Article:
Competitive Social Benefits

Working in Yukon can be financially rewarding. Many employers, including the government, offer their employees competitive social benefits packages because of the province's remote location and sparse population. Administered by Employment and Social Development Canada (ESDC) on behalf of the Yukon government, these benefits include health insurance, dental, and pension plans, providing valuable security and peace of mind. Some employers may offer relocation assistance to ease the transition to living in Yukon.

Tax Advantages in Yukon

The Yukon government recognizes the challenges of living in a remote location. To ease the burden, residents can take advantage of tax breaks, which are incentivized benefits in Yukon. Among these benefits in Yukon, The Northern Living Allowance provides a tax credit to offset the higher cost of living. Other prominent Yukon tax breaks, according to the Canada Revenue Service, include the

  • Yukon Child Benefit (YCB),
  • Yukon First Nations income tax credit,
  • Yukon Government carbon price rebate,
  • Yukon business investment tax credit, and
  • Yukon basic personal amount.

Furthermore, housing expenses can be further deducted, offering significant tax advantages and furthering your hard-earned income.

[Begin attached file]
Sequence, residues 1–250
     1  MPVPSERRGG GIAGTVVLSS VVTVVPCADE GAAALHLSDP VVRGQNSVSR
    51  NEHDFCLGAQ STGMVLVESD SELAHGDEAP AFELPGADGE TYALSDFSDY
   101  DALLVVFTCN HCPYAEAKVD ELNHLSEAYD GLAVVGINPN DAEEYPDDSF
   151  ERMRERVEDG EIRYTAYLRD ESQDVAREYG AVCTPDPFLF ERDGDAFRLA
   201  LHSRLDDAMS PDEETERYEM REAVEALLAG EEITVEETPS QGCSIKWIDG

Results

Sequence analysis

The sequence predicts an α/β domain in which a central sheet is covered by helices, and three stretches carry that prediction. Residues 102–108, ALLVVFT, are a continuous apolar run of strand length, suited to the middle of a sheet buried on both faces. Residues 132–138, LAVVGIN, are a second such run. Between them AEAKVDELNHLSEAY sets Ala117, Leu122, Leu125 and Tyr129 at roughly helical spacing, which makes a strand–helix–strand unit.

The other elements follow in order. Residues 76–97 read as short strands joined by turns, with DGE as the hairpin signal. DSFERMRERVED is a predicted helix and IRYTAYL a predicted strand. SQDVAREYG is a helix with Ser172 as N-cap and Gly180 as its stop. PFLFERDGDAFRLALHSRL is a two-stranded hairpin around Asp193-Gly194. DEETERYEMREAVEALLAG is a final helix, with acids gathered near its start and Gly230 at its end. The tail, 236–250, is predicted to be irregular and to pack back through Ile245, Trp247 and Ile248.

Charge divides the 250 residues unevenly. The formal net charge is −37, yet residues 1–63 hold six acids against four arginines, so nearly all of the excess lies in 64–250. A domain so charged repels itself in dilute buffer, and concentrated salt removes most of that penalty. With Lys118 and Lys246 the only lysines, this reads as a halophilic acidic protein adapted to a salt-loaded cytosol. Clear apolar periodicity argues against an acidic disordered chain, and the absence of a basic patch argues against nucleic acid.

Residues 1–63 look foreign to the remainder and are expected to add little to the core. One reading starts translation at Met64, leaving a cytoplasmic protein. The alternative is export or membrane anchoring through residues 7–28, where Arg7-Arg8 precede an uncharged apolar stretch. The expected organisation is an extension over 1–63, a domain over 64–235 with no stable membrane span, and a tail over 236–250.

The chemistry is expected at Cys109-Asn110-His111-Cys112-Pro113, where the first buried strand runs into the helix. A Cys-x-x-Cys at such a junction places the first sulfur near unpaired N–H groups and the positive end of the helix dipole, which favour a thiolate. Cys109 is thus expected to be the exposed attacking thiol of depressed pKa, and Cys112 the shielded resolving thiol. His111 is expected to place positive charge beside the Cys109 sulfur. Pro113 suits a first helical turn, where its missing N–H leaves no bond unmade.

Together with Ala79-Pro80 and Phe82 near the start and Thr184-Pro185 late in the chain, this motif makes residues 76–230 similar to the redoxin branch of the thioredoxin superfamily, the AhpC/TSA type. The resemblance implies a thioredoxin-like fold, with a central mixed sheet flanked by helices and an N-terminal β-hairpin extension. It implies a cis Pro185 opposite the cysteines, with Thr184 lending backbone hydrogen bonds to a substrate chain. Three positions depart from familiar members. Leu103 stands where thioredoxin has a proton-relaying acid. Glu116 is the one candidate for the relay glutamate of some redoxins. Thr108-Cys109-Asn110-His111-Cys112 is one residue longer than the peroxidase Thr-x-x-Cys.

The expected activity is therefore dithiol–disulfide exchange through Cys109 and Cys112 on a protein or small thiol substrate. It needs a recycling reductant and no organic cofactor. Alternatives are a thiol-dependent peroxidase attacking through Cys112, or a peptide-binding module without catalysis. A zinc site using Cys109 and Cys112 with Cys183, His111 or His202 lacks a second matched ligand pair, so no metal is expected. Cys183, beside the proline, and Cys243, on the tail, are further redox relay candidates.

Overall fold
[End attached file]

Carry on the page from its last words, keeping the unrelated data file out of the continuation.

Outdoor Recreation in Yukon

If you crave an active lifestyle, look no further than Yukon. After work, immerse yourself in recreation in Yukon, a nature playground. Hike through breathtaking trails, cast a line in pristine lakes teeming with fish, or kayak down majestic rivers to make unforgettable recreation in Yukon memories. Winter transforms Yukon into a wonderland for skiing, snowboarding, and snowmobiling enthusiasts.

Learn more about outdoor things to do in Yukon.


How Can I Find Out About the Latest Job Openings in Yukon?

You can stay updated on the latest job openings in Yukon by regularly checking online job boards and government employment websites, networking with professionals in your field, attending job fairs, and reaching out to local employers directly.

Is it Difficult to Find a Job in Yukon?

While finding a job in Yukon may present challenges like any other region, the territory's diverse economy and growing industries offer numerous employment opportunities across various sectors. With determination, networking, and relevant skills, many individuals successfully secure a job in Yukon.

If I Need Experience In an In-demand Field in Yukon, Are There Still Opportunities For Me?

Even if you lack experience in an in-demand field in Yukon, you still have opportunities. Consider internships, apprenticeships, volunteering, or entry-level positions to gain valuable experience and make yourself more competitive in the job market. Investing in relevant education and training programs can help you acquire the skills to succeed in your desired field.